To turn classic Beatles songs into the stages of a video game, each song needed to be separated into its several components, so that if the person playing the guitar misses a note, the guitar sound can drop out while the music made by the other instruments is unaffected. Because the Beatles mostly recorded on four-track and two-track equipment, with multiple instruments sharing a tape, Martin had to spend months using digital filters to eliminate sounds at certain frequencies and not others. This work was done at Abbey Road but not in Studio Two. Mainly Martin worked in the less-iconic Room 52 down the hall, next to the men’s room. Apple’s preoccupation with security meant that the high-quality audio “stems” he created never left Abbey Road. If the separated parts leaked out, every amateur D.J. would start lacing mixes with unauthorized Beatles samples. Instead, Martin created low-fidelity copies imprinted with static for the Harmonix team to take back to the States — in their carry-on luggage. They were just good enough to work with until the game coding could be brought back to Abbey Road and attached to the actual songs.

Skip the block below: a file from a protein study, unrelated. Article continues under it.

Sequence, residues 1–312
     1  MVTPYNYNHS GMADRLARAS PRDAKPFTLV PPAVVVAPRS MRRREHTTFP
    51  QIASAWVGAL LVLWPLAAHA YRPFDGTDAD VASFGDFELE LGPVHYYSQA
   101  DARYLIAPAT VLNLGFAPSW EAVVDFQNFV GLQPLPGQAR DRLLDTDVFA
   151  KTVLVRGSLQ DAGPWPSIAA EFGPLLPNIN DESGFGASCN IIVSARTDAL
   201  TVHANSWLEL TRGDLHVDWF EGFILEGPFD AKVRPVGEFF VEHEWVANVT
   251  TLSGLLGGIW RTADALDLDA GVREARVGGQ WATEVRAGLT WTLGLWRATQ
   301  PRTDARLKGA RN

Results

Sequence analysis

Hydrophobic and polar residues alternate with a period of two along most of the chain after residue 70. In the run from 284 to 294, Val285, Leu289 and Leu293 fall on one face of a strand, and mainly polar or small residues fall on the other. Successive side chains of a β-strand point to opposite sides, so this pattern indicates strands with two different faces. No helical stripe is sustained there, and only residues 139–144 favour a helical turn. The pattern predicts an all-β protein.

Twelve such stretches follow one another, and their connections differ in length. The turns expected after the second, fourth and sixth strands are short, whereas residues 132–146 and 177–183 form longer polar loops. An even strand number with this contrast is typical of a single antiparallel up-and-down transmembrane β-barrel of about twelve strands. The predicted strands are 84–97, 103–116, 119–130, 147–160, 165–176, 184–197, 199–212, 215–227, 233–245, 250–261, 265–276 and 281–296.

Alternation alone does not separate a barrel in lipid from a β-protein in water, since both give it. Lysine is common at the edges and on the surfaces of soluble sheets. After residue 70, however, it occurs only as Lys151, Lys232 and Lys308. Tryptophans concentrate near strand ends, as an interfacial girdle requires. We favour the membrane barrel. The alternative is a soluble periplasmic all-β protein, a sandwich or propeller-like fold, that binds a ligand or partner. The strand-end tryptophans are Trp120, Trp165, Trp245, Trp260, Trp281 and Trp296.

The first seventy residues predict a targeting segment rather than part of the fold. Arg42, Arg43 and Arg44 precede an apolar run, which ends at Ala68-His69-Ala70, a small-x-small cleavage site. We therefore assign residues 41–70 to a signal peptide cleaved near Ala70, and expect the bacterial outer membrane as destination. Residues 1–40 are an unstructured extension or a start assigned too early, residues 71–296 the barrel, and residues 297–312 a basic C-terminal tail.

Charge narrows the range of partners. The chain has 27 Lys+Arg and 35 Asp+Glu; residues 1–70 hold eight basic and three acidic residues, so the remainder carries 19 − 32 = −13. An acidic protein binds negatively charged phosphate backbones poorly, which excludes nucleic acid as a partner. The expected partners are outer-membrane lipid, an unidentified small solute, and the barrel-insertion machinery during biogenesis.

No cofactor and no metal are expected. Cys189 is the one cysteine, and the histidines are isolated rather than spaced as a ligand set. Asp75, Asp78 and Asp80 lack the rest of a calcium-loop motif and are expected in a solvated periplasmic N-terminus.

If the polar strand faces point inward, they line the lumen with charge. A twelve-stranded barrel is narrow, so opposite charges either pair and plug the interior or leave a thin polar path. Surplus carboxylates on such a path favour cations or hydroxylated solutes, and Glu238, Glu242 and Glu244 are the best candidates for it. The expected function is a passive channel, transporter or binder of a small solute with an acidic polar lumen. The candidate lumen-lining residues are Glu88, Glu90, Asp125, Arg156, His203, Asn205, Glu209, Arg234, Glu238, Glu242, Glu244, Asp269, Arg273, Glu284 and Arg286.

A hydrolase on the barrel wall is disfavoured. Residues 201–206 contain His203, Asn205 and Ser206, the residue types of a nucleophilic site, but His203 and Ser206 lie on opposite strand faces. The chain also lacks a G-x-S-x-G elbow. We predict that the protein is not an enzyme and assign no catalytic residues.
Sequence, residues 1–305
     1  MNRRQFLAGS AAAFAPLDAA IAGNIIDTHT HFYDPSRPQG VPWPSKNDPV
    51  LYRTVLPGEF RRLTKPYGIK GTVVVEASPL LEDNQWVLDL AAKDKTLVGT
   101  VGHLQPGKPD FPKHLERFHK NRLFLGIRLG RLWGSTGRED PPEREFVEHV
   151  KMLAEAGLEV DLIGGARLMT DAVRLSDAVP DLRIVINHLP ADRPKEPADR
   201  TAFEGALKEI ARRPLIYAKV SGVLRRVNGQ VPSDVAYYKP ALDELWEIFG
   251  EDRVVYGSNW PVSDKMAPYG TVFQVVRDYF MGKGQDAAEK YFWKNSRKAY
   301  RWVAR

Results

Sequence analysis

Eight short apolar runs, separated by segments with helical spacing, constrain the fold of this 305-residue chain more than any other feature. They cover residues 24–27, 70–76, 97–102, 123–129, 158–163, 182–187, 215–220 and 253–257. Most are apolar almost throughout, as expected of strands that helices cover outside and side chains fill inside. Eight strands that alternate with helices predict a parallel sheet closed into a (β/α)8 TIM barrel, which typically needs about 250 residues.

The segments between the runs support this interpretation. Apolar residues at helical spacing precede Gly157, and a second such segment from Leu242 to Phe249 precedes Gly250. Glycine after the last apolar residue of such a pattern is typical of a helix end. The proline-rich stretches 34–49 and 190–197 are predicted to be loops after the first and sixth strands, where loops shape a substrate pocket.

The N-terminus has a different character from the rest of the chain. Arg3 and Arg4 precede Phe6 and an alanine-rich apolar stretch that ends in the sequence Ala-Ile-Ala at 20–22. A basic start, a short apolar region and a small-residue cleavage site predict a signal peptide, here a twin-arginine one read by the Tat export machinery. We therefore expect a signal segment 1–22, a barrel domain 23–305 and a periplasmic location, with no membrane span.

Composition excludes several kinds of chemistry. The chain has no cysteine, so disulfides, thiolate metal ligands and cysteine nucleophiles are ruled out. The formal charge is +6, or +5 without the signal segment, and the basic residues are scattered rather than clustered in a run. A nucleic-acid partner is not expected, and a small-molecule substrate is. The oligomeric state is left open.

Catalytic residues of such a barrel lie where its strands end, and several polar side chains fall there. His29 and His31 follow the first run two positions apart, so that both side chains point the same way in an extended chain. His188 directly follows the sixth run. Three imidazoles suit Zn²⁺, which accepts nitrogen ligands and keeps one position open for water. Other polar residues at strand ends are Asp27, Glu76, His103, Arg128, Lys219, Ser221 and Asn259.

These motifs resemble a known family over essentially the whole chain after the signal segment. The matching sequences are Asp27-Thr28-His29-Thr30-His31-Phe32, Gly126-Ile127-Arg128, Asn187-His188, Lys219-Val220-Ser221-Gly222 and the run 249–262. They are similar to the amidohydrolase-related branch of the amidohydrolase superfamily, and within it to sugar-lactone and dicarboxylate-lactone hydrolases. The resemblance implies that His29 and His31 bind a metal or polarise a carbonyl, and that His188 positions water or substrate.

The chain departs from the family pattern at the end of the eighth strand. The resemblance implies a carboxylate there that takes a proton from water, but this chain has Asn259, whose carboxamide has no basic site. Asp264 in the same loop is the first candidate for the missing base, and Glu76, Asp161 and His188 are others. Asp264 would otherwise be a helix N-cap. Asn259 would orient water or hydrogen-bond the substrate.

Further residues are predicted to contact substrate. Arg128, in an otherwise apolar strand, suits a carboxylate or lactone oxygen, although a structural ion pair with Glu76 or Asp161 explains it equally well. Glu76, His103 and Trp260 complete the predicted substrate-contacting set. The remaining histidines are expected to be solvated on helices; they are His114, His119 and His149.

Sitting in front of his Mac in March, Martin explained that when choosing the 45 songs that come with the game, priority was given to the ones that would be most fun to play, rather than to the band’s most iconic numbers. He clicked the mouse and played a snatch of “Paperback Writer.” In the game, “Paperback Writer” comes toward the end of the live era — in a sequence inspired by, but not an exact simulation of, the Beatles’ concerts at Budokan. The 1966 Japan shows were recorded, but there was no thought of using the live versions in the game. Martin dragged in another file and clicked play. Compared with the familiar, crisp recording on the single,“Paperback Writer” at Budokan is a mess — faster but less energetic, as if the Beatles were just trying to get the song over with. The harmonies are off, and the drumming is sloppy. The screaming audience doesn’t help. ...

*****Daniel Radosh is a contributing editor at The Week and the author of “Rapture Ready! Adventures in the Parallel Universe of Christian Pop Culture.” This is his first feature article for the magazine.

See parts 2 and 3 in separate posts.
« Last Edit: August 16, 2009, 03:48:11 PM by alexis »
I love John,
I love Paul,
And George and Ringo,
I love them all!